Gesellschaft für Informatik e.V.

Lecture Notes in Informatics

10th International Conferenceon Innovative Internet Community Systems (I2CS) - Jubilee Edition 2010 - P-165, 247-256 (2010).

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Improving ASR for continuous thai words using ANN/HMM

Maleerat Sodanil , Supot Nitsuwat and Choochart Haruechaiyasak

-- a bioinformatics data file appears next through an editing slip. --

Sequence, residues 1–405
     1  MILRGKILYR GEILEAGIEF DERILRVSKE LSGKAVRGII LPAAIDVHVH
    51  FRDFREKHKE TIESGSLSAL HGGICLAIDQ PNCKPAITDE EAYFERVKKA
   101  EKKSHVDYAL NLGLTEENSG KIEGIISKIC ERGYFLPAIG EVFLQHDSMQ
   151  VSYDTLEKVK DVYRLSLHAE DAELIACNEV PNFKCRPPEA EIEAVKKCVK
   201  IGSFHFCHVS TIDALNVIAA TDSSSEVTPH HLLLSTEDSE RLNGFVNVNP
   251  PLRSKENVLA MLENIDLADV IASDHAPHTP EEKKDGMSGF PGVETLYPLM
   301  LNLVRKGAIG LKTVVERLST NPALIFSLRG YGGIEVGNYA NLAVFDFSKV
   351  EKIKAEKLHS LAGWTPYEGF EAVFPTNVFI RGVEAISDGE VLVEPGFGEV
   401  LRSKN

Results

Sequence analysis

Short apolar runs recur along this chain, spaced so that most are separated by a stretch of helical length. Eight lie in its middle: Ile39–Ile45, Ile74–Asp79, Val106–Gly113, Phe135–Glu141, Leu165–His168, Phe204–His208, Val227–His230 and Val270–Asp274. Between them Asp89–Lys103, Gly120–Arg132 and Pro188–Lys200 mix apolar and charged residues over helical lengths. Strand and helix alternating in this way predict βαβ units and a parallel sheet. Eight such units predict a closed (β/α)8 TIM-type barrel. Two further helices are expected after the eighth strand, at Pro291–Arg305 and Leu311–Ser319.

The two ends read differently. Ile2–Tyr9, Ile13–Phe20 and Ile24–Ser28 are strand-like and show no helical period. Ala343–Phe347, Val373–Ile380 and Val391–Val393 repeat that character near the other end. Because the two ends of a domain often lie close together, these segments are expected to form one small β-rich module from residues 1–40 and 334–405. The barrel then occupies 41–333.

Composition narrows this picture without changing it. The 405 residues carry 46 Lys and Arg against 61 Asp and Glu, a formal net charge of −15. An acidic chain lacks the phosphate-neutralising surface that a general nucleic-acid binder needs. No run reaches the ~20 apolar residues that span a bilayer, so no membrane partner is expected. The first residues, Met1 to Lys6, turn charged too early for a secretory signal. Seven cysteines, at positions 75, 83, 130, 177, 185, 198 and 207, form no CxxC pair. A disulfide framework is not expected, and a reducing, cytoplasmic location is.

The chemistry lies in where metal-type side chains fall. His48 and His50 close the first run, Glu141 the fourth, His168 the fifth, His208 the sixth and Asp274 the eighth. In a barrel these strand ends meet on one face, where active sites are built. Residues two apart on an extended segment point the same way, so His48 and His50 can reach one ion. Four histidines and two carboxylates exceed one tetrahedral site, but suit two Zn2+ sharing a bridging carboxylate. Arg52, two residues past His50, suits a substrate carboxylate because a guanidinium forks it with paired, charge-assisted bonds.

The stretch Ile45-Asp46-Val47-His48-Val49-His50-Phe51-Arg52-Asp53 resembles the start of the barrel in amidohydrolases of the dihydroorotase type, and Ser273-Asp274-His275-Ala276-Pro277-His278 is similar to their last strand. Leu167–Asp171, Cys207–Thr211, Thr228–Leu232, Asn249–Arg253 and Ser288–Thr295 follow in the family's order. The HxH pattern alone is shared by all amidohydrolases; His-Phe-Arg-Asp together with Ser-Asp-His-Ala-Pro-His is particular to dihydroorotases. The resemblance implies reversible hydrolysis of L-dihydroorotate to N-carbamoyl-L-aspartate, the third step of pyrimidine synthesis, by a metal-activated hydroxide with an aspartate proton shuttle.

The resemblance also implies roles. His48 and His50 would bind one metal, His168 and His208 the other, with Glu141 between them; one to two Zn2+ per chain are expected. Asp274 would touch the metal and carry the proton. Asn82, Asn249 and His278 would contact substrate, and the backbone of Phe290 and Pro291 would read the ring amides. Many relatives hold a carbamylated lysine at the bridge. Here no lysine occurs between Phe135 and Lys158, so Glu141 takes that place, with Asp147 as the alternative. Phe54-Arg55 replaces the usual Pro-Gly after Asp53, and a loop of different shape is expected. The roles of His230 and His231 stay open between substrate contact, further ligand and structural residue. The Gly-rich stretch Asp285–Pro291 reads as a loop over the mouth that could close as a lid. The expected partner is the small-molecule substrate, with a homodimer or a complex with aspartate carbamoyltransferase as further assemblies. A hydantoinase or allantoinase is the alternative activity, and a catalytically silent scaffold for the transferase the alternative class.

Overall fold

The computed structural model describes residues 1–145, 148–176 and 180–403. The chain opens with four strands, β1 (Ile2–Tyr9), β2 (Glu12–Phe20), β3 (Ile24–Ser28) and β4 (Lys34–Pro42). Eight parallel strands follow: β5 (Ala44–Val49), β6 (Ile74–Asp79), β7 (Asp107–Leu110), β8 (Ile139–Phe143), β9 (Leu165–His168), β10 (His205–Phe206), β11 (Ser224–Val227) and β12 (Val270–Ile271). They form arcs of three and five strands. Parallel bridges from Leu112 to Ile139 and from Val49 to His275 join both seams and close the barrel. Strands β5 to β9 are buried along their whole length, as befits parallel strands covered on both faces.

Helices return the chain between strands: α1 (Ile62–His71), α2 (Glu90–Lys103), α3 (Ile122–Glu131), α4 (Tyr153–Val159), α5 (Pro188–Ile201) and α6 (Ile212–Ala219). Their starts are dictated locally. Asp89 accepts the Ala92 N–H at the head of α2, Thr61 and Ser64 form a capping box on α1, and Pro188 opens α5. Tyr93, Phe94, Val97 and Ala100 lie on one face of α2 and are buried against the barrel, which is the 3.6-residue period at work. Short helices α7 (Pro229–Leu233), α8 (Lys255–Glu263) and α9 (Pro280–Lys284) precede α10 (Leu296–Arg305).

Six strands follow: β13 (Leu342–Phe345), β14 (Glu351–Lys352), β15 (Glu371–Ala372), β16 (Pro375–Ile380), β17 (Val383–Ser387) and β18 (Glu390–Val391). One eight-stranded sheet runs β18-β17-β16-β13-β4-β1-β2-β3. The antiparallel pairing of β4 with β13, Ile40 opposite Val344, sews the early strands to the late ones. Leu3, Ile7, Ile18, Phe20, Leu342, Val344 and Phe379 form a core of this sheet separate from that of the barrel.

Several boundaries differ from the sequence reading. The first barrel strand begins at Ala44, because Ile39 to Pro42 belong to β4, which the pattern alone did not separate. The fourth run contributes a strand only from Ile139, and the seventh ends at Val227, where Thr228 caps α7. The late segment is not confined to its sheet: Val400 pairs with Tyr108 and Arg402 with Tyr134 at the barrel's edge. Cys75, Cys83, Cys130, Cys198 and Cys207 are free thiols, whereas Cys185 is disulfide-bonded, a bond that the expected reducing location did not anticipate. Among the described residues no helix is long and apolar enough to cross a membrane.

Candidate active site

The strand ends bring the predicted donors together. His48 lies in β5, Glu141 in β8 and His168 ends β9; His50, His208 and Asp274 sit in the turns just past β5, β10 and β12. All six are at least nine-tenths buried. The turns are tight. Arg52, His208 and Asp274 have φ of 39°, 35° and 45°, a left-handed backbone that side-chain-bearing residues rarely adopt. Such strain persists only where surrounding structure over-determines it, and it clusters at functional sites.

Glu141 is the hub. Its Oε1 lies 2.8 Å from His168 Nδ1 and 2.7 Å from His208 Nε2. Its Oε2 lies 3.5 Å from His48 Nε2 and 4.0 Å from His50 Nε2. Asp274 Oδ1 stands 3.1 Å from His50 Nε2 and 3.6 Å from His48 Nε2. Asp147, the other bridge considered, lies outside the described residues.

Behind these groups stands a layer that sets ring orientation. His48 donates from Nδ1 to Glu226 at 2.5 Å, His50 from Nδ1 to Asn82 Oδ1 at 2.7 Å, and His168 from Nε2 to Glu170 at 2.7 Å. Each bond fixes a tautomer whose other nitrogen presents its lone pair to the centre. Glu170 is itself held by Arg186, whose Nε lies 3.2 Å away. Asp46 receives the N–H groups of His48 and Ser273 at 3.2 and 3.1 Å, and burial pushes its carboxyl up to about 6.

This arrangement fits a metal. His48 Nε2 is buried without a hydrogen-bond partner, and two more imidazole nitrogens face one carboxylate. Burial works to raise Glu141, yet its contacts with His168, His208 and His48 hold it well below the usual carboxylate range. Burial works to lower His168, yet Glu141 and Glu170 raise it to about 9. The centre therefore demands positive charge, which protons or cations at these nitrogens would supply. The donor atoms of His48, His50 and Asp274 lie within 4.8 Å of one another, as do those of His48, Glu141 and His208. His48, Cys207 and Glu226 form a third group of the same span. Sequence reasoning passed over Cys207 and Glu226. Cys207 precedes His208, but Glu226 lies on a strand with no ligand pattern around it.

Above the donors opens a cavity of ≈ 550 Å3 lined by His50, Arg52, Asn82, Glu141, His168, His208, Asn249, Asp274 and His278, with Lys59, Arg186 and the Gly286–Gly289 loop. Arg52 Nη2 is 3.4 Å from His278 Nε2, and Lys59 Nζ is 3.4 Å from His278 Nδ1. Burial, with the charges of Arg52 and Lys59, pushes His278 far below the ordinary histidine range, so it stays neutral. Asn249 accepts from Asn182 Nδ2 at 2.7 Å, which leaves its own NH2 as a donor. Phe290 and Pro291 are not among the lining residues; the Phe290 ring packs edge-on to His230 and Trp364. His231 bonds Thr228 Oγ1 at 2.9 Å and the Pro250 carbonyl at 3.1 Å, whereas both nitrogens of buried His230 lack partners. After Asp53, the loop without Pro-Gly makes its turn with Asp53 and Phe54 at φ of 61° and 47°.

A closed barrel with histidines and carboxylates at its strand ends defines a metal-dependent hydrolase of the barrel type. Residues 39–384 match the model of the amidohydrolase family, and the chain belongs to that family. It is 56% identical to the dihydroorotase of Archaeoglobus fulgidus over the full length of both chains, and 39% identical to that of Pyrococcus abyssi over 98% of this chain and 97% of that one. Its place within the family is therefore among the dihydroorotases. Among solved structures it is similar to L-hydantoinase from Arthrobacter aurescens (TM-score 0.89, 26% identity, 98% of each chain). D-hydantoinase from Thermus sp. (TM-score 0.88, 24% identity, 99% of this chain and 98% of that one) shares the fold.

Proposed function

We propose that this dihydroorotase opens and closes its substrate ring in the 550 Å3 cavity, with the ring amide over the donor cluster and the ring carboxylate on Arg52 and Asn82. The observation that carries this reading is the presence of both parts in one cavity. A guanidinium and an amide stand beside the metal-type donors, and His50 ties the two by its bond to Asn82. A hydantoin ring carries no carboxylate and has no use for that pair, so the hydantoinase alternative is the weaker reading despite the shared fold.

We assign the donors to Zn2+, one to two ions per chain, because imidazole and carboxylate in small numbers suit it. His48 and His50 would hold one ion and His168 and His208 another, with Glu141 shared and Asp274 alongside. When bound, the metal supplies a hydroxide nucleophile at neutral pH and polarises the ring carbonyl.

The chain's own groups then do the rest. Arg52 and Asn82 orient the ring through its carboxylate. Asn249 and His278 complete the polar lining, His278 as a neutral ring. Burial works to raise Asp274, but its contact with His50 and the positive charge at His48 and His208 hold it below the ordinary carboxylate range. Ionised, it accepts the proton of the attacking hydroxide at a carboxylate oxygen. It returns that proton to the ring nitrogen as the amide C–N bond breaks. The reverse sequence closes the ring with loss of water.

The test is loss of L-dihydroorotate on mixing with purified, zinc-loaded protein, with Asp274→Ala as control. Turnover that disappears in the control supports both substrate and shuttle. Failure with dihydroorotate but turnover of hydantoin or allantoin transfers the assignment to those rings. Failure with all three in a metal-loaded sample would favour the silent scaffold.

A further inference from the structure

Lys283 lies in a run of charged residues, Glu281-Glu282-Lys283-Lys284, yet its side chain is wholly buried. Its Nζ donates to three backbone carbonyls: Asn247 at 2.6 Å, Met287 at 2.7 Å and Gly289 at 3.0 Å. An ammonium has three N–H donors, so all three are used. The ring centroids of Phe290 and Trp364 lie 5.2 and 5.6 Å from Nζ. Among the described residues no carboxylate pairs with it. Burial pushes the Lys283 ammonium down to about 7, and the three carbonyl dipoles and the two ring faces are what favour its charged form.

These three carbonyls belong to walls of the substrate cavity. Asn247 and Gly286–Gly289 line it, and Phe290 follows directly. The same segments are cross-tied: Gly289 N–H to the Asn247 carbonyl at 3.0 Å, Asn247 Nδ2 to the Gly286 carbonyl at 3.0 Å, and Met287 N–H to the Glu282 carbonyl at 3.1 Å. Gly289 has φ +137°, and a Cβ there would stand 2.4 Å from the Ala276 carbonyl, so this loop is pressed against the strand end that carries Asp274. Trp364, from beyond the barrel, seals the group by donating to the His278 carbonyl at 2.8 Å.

The baseline system of an automatic speech recognition normally uses Mel- Frequency Cepstral Coefficients (MFCC) as feature vectors. However, for tonal language like Thai, tone information is one of the important features which can be used to improve the accuracy of recognition. This paper proposes a method for building an acoustic model for Thai-ASR using a combination of MFCC and tone information as an input feature vector. In addition, we apply Artificial Neural Network (ANN) multilayer perceptrons to estimate the posterior probabilities of a class model given a sequence of observation input. The performance of the ANN approach is compared with the Gaussian Mixture Model (GMM) used in the Hidden Markov Model Toolkit (HTK). The experiments were carried out with 2-grams and 3-grams of language model. The training and test data sets were prepared from reading speech of ten Aesop's stories from 5 male and 5 female speakers. The results showed that the proposed method can be used to improve the performance of Thai-ASR in term of reducing word error rate. 247 The challenge in Automatic speech Recognition (ASR) is how to improve the accuracy of speech recognition in term of performance of the algorithm. There are three main parts of ASR, the first one is feature extraction that extracts distinguished feature of speech utterance, the second is training model which is typically based on the Hidden Markov Model (HMM) framework and the third is decoder which finds the best probabilistic match between speech utterance and text transcription. For tonal language like Mandarin or Thai in which tone is important for specifying the meaning of speech utterance, therefore, tone information could be considered in the system in order to improve the accuracy of speech recognition. There have been some researches proposing tone recognition or classification [SM1999, SY1995, NB2002] for improving the accuracy of speech recognition [CT2006]. Although well-known Mel-frequency cepstral coefficients (MFCC) features and HMM are widely used as feature vectors, there are some concern about testing, combining and adapting them to improve the accuracy or performance of the system which may not depend on speakers or languages [XM2006, PA2008]. The HMM is a very powerful statistical method for characterizing the observed data samples of a discrete time series. In HMM, the states are not directly visible, but variables influenced by the state are visible. Each state has a probability distribution over the possible output observation. The state transitions are also probabilistic in nature. The complete HMM model is denoted as $λ$= (A,B,$π$). The HMM training procedure tries to estimate the value of state transition probability distribution (A), observation symbol probability density or emission probability (B), and initial state distribution $(π)$. The emission probability distribution function (PDF) estimates the probability with which a given observation has been generated. However, the standard HMM based on maximum likelihood criteria (ML) has some weakness caused by several assumptions which reduce

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